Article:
29 Follow-up Diagnostic Tests
Follow-up diagnostic test – these tests are performed after someone tests positive on his/her first test. HIV tests are usually very accurate, but a follow-up test is typically performed to confirm the results of the first test mostly for insurance/health care provider purposes.

30 Treatment and Support

31 Treatments Many people with HIV, including those who feel healthy, can benefit greatly from current medications used to treat HIV infection. These medications can limit or slow down the destruction of the immune system, improve the health of people living with HIV, and may reduce their ability to transmit HIV. 

32 Medications Can be expensive Can be very effective
Complicated dosing schedules In some cases, virus develops a resistance to the medication

33 Highly Active Anti-Retroviral Therapy
HAART Highly Active Anti-Retroviral Therapy

34 Medications Class Description Examples
Non-nucleoside reverse transcriptase inhibitors (NNRTIs) NNRTIs disable a protein needed by HIV to make copies of itself. efavirenz (Sustiva), etravirine (Intelence) and nevirapine (Viramune) Nucleoside reverse transcriptase inhibitors (NRTIs) NRTIs are faulty versions of building blocks that HIV needs to make copies of itself. Abacavir (Ziagen), and the combination drugs emtricitabine and tenofovir (Truvada), and lamivudine and zidovudine (Combivir) Protease inhibitors (PIs) PIs disable protease, another protein that HIV needs to make copies of itself.  atazanavir (Reyataz), darunavir (Prezista), fosamprenavir (Lexiva) and ritonavir (Norvir)

35 Medications Class Description Examples Entry or fusion inhibitors
These drugs block HIV's entry into CD4 cells enfuvirtide (Fuzeon) and maraviroc (Selzentry) Integrase inhibitors Works by disabling integrase, a protein that HIV uses to insert its genetic material into CD4 cells raltegravir (Isentress)

36 There is No Cure No one should become complacent about HIV and AIDS.
While current medications can dramatically improve the health of people living with HIV and slow progression from HIV infection to AIDS, existing treatments need to be taken daily for the rest of a person’s life, need to be carefully monitored, and come with costs and potential side effects. At this time, there is no cure for HIV infection.

37 Treatment and Support

38 Hepatitis B

39 Hepatitis B Hepatitis B is a contagious liver disease that results from infection with the Hepatitis B virus. It can range in severity from a mild illness lasting a few weeks to a serious, lifelong illness.

40 Hepatitis B Transmission
Hepatitis B is spread when blood, semen, or other body fluid infected with the Hepatitis B virus enters the body of a person who is not infected.

41 Hepatitis B Transmission
From an infected mother to her baby during birth Sex with an infected partner Sharing needles, syringes, or other drug-injection equipment Sharing items such as razors or toothbrushes with an infected person Direct contact with the blood or open sores of an infected person Exposure to blood from needlesticks or other sharp instruments 

42 Acute or Chronic Acute Hepatitis B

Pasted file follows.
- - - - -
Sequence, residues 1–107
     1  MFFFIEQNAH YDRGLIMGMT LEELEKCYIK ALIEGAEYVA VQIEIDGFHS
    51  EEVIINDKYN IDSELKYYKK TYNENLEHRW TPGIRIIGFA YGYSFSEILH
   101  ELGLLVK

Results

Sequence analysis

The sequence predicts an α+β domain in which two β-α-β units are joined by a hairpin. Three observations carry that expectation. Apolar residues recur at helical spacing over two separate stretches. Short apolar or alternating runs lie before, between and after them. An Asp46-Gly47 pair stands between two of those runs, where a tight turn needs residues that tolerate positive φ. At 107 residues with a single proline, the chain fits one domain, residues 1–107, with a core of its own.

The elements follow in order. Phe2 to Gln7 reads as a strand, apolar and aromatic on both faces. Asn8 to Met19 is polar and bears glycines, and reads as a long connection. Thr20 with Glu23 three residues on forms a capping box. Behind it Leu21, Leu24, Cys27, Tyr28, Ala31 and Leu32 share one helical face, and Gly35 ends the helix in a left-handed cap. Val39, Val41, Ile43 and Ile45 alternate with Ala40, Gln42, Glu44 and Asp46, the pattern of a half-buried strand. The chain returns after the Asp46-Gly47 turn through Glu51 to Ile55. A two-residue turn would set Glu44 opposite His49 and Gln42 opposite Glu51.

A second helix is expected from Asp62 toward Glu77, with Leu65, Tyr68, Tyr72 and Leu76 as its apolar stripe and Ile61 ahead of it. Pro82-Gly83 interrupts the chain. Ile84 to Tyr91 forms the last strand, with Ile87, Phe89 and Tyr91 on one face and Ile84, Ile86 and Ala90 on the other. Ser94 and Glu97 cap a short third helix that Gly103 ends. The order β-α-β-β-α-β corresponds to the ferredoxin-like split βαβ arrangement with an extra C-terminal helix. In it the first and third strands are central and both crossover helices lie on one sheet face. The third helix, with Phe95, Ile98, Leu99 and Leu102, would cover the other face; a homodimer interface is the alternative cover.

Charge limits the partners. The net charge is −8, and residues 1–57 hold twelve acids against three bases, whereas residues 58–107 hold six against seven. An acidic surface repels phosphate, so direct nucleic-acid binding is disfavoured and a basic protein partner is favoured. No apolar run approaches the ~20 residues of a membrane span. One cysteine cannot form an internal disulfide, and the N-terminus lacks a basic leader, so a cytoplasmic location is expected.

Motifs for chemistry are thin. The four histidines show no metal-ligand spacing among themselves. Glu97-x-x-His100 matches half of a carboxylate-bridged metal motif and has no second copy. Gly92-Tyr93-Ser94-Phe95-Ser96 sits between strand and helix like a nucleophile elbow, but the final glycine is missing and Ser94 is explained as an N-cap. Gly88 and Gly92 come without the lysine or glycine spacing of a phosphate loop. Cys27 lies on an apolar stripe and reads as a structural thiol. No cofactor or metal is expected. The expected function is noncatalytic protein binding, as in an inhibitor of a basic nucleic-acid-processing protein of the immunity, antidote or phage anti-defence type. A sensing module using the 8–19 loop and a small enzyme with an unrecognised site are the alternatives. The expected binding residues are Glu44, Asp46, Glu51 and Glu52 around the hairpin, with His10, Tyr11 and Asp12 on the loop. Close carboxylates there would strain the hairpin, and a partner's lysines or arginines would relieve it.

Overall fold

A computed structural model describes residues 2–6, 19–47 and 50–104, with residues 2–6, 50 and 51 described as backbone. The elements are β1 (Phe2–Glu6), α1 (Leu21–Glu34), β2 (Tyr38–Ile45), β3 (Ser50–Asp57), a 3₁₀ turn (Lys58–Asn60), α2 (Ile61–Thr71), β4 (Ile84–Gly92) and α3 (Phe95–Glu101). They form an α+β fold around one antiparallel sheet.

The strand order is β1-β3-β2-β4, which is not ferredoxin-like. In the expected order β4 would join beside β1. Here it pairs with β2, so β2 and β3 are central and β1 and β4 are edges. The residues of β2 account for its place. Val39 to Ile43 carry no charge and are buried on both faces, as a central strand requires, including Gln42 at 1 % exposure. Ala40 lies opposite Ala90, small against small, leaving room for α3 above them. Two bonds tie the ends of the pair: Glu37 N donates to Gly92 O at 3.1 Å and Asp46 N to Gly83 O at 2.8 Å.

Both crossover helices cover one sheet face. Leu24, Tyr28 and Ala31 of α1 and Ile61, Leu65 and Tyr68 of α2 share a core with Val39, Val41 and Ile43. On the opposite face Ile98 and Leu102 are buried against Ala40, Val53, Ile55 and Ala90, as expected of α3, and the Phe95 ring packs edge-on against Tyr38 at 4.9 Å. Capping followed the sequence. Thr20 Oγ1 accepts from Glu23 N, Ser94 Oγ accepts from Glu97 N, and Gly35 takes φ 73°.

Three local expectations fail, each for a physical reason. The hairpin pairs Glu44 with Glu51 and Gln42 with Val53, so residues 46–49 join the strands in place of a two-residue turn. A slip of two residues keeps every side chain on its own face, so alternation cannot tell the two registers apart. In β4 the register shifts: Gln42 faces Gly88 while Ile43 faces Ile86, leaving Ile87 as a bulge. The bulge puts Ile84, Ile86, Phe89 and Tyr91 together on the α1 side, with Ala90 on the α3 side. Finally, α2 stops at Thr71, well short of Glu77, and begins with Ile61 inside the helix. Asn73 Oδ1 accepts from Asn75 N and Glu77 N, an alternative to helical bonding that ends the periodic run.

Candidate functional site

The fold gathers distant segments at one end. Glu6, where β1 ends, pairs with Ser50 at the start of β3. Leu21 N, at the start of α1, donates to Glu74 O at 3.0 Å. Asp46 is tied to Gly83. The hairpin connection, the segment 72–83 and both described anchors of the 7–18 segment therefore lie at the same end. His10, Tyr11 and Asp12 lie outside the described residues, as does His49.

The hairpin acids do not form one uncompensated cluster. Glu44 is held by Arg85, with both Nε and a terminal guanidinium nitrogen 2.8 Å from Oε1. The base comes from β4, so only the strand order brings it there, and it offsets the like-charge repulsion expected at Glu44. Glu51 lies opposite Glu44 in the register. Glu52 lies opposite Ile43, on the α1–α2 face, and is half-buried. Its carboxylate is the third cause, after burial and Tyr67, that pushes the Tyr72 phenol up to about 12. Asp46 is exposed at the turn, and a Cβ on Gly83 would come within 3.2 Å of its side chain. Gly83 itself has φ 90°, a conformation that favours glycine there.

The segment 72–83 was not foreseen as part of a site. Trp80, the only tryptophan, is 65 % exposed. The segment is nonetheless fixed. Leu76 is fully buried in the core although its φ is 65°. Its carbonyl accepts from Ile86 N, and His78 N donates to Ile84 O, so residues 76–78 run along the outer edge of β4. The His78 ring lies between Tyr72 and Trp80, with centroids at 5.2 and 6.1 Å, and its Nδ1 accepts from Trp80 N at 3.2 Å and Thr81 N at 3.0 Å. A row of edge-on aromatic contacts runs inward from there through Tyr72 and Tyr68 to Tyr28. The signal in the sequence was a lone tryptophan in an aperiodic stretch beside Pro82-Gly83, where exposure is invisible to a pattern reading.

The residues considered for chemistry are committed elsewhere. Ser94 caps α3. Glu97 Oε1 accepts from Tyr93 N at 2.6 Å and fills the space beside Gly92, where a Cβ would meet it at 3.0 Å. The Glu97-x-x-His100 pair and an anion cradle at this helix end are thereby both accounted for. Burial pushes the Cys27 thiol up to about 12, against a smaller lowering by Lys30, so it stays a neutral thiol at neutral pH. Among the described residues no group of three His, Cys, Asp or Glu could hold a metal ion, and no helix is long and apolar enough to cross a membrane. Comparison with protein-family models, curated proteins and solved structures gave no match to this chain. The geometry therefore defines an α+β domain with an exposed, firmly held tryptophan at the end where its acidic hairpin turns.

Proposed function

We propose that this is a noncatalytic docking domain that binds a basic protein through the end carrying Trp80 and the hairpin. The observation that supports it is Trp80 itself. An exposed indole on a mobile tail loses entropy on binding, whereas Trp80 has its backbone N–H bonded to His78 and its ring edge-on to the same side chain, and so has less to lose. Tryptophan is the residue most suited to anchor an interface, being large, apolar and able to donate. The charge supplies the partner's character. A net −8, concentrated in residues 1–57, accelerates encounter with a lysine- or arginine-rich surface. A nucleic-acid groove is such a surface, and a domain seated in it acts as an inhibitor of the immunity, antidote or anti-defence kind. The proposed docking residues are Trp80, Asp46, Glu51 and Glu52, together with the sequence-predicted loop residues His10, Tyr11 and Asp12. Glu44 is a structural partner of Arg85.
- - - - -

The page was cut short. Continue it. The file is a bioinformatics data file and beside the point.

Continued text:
Short-term illness that occurs within the first 6 months after exposure. Can—but does not always—lead to chronic infection. Chronic Hepatitis B Long-term illness that occurs when the virus remains in a person’s body. Estimated 800,000 to 1.4 million persons have chronic Hepatitis B virus infection in the U.S.

43 Hepatitis B Vaccine The Hepatitis B vaccine series is a sequence of shots that stimulate a person’s natural immune system to protect against HBV. After the vaccine is given, the body makes antibodies that protect a person against the virus. These antibodies are then stored in the body and will fight off the infection if a person is exposed to the Hepatitis B virus in the future.

44 Hepatitis B Vaccine Safe and effective
Usually given as 3-4 shots over a 6-month period Recommended for health care workers (including caregivers) at risk for exposure to blood or blood-contaminated body fluids on the job Employers must offer at not cost if a job puts you at risk for exposure to blood or blood-contaminated body fluids on the job

45 Hepatitis C

46 Hepatitis C A contagious liver disease that results from infection with the Hepatitis C virus. It can range in severity from a mild illness lasting a few weeks to a serious, lifelong illness.

47 Can Be Acute or Chronic Acute Hepatitis C virus infection is a short-term illness that occurs within the first 6 months after someone is exposed to the Hepatitis C virus. For most people, acute infection leads to chronic infection. Chronic Hepatitis C is a serious disease than can result in long-term health problems, or even death.

48 How is hepatitis C spread?
Spread when blood from a person infected with the Hepatitis C virus enters the body of someone who is not infected. Today, most people become infected with the Hepatitis C virus by sharing needles or other equipment to inject drugs. Before 1992, when widespread screening of the blood supply began in the United States, Hepatitis C was also commonly spread through blood transfusions and organ transplants.

49 How is hepatitis C spread?
People can become infected with the Hepatitis C virus during such activities as: Sharing needles, syringes, or other equipment to inject drugs Needlestick injuries in health care settings Being born to a mother who has Hepatitis C

50 How is hepatitis C spread?
Less commonly, a person can also get Hepatitis C virus infection through: Sharing personal care items that may have come in contact with another person’s blood, such as razors or toothbrushes Having sexual contact with a person infected with the Hepatitis C virus